When I say I can forgive this movie for its flaws, I mean it. It is perfectly paced. The film clocks in just over 2 hours and not once was I bored. I was smiling the whole time. The first ten minutes of this movie are some of the best I have seen in animation. While this film may not be as good as “Your Name,” the titles rival each other from a technical perspective. The animation style is almost comes off as a lifelike video game. The sound design is hypnotizing. The score is outstanding. Kazuma Jinnouchi and RADWIMPS did such a banger job with all of the music. I can personally claim I have listened to some of it during the making of this review. This movie is such a technical behemoth that the minor story flaws honestly take a bit of a backseat. “Suzume” is a must see for Shinkai loyalists and newcomers alike.
In the end, Makoto Shinkai continues his hot streak. Between “Your Name,” “Weathering with You,” and now this banger of a film, “Suzume” is every bit as awe-inspiring and excellent as I hoped it would be. With this film now in the can, this affirms Shinkai’s status as one of my favorite directors working today. I cannot wait to see what he does next. “Suzume” is beautiful, original, and occasionally jaw-dropping. The characters are great. The animation is some of the best in recent memory alongside “Puss in Boots: The Last Wish.” If it is playing in theaters near you, see it on the biggest screen you can. I saw it in IMAX and it was worth it. I left “Suzume” feeling satisfied. That is how I would want to feel after every movie I end up seeing. Again, it is no “Your Name,” but it comes close. Therefore, I would have to give “Suzume” a 9/10.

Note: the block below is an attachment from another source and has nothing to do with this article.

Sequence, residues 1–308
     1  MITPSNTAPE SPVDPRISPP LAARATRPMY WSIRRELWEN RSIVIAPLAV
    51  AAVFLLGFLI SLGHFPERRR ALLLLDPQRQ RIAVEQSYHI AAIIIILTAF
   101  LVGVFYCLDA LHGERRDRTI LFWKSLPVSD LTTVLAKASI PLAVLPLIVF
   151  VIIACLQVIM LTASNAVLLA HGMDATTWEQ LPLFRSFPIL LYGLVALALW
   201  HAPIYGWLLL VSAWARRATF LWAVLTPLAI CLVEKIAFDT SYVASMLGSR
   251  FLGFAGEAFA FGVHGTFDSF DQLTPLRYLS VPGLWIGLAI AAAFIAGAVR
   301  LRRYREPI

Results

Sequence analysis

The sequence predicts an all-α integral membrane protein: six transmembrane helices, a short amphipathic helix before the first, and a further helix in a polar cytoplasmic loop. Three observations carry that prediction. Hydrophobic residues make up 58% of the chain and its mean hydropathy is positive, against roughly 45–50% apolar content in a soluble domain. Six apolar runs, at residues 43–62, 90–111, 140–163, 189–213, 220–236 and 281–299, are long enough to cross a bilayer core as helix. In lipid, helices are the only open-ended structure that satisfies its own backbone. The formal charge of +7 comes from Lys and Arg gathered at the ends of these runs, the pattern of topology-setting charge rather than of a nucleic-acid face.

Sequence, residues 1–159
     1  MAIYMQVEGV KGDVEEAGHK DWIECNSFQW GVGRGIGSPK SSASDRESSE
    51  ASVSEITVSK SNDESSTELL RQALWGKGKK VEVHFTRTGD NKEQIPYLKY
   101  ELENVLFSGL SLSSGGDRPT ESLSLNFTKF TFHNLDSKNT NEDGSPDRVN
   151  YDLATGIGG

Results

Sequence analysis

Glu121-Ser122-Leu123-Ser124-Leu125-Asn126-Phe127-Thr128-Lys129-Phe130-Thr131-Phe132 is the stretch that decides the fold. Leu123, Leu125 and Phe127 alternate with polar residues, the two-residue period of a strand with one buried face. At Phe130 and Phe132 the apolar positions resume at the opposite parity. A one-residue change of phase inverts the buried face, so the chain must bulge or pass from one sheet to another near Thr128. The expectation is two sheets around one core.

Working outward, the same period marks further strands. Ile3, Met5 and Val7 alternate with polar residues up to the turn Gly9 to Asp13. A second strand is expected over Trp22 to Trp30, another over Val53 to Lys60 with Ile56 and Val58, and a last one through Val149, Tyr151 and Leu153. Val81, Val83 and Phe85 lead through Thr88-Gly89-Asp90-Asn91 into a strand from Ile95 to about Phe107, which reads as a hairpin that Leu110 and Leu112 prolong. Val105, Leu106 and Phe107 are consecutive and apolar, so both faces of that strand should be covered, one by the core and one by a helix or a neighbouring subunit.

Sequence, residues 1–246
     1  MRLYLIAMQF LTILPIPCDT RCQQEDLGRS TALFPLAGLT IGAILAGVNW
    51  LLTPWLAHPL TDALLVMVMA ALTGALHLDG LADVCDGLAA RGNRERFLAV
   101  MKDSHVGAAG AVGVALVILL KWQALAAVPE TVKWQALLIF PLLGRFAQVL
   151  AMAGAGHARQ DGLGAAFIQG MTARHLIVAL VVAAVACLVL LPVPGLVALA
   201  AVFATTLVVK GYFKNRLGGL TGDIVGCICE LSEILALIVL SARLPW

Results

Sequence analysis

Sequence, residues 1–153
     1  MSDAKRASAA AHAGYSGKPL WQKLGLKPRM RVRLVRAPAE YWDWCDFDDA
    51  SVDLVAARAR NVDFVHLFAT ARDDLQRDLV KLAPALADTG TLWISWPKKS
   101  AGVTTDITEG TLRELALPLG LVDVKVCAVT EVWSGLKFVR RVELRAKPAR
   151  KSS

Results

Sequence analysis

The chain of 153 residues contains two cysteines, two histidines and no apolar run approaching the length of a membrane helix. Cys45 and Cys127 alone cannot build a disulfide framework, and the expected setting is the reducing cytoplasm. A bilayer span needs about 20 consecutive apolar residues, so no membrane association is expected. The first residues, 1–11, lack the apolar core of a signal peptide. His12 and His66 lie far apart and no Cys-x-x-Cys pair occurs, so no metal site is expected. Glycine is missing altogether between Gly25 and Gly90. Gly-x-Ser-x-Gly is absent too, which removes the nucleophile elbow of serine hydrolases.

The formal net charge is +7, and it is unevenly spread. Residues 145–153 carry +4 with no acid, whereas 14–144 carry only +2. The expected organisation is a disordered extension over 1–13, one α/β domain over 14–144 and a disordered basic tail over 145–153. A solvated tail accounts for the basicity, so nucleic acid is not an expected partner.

“Suzume” is now playing in theaters everywhere. Tickets are available now.
Thanks for reading this review! This week I will be watching the brand new movie “Air,” starring Ben Affleck and Matt Damon. Also stay tuned for my review for “Super Mario Bros.,” the 1993 film, coming sometime soon. If you want to see this and more from Scene Before, follow the blog either with an email or WordPress account! Also, check out the official Facebook page! I want to know, did you see “Suzume?” What did you think about it? Or, did you watch any of Makoto Shinkai’s other films? If you have a favorite, list it! I already mentioned this film, “Your Name,” “Weathering with You,” but if I must throw something out, I also saw “The Place Promised in Our Early Days,” which I would recommend. Check it out. Scene Before is your click to the flicks!